Periwinkle’s heart nearly broke as she saw what her student had managed to salvage. It wasn’t much—just some tissue paper, a few light wooden dowels that had seen better days, some glue, and a ball of string. Even the ever-positive teacher couldn’t imagine what could be done with all that. “I’m sorry, Skydancer… your friends didn’t leave you with much, did they?”

The colt shrugged distractedly and started loading the assorted items into his saddlebags. Skydancer knew he should concentrate on picking out the materials for his project, but warning ‘Green’ seemed kind of important. Maybe he could draw out a warning to ‘Green’ on some paper. What about picture of an unhappy-looking bipedal stick figure surrounded by angry pony stick figures in miner helmets? And what—oh! There was an idea.

Thinking of drawings had sparked a memory; suddenly Skydancer recalled ‘Green’s map in the sand and the mysterious ‘Bag-ram.’ “Uh, Miss Periwinkle? Have you ever heard of a place called ‘Bag-ram?’”

“‘Bag-ram?’ Hmm. Not that I can think of, but… Why, are you planning on doing a project on that?” Geography had never been Miss Periwinkle’s strong suit. She struggled with the age-old dilemma of teachers everywhere: admit ignorance, or assign extra homework?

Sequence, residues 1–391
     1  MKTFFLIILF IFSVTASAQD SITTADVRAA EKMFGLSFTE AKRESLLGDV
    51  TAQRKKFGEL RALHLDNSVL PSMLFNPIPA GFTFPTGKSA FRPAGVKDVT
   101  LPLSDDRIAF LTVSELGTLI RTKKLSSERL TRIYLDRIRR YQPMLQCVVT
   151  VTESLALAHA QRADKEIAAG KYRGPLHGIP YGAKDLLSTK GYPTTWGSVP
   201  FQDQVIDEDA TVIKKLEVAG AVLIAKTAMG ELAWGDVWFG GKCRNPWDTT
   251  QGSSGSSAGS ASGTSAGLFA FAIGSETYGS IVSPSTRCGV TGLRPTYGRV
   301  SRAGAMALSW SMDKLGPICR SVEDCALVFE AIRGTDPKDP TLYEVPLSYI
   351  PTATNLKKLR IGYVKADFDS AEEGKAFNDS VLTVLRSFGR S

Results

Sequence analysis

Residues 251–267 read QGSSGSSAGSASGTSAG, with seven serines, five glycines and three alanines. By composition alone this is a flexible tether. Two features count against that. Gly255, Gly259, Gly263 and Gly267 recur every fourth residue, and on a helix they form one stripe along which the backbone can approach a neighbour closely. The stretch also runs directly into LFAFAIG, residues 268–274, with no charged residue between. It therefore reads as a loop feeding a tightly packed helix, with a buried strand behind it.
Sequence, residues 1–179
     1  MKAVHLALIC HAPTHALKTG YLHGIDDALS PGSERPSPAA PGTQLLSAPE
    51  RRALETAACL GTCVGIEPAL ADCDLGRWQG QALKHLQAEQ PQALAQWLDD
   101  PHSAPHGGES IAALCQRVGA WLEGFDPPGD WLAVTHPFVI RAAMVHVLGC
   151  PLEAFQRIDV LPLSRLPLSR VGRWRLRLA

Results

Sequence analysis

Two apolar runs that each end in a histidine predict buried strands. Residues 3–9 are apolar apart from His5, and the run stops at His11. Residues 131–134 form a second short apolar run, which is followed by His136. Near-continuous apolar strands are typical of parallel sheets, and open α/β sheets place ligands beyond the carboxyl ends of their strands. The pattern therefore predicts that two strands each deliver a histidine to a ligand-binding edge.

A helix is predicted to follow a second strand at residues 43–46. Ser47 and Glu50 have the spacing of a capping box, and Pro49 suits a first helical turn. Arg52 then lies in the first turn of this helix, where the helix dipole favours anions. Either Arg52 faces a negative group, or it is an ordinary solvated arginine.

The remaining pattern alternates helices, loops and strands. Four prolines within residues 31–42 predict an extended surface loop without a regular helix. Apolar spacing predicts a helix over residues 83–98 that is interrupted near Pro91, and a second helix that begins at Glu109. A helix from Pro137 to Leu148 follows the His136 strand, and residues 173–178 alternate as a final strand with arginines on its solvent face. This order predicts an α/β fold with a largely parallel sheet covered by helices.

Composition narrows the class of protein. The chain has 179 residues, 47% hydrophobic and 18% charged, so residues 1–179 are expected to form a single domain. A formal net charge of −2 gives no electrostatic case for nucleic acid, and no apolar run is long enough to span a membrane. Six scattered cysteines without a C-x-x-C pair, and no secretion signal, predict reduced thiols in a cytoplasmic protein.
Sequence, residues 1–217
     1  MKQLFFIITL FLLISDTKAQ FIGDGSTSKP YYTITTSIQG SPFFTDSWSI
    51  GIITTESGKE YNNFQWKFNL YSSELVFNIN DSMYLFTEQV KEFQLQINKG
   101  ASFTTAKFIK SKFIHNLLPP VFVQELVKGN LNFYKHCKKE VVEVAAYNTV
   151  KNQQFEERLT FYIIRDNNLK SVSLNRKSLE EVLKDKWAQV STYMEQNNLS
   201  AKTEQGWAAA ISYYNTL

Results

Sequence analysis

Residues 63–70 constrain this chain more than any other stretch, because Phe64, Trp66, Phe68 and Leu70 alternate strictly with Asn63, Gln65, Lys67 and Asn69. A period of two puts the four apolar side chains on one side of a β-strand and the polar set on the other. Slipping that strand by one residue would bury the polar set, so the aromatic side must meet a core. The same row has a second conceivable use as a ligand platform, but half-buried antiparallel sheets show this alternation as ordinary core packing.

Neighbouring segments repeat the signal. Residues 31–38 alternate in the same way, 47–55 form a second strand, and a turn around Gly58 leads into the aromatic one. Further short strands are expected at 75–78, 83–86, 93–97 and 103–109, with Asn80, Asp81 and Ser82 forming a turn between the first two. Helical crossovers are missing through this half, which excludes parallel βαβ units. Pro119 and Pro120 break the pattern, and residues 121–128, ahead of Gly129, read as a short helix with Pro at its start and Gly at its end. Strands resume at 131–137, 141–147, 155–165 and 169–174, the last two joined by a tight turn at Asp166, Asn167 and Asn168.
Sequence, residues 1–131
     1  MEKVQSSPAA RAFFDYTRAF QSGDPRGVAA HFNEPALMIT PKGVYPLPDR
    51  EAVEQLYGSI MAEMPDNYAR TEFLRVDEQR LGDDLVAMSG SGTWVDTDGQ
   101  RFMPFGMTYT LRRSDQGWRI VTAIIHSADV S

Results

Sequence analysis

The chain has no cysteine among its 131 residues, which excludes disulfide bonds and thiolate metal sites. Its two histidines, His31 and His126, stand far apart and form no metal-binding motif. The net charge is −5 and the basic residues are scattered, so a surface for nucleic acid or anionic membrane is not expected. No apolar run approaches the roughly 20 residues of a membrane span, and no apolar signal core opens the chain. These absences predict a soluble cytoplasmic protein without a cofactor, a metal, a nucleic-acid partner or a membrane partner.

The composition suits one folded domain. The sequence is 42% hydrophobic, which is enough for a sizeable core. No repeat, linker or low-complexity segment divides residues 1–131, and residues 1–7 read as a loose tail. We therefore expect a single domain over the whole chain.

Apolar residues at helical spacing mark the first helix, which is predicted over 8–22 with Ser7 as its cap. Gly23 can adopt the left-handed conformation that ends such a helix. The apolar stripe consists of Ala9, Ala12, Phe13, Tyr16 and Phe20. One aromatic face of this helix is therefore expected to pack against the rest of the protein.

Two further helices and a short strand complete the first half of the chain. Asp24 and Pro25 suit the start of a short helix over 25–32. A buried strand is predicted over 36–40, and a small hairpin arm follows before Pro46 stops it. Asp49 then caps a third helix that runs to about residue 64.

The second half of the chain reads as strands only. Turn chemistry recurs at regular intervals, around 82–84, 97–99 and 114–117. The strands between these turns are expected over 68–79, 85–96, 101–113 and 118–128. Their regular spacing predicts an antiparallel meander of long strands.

Hah, not exactly. Skydancer shook his head. “No, ma’am… I just heard the name. Somewhere southwest of here?”

Extra homework it was, then. “Tell you what, Skydancer. Check chapter eleven. We weren’t going to cover that section until next semester, but it has maps of all of Equestria in it. If you can find it on the map you can let me know all about it!”

That… actually sounded useful. Skydancer nodded happily. Maybe maps could help ‘Green’ figure out where he was going. “Sure!”

Much to Skydancer’s annoyance, Cirrus was lying in wait for him as he exited the schoolhouse. “Hey, earth pony. Getting some extra help from the teacher? What kind of project could you do, anyway? Mud pies?”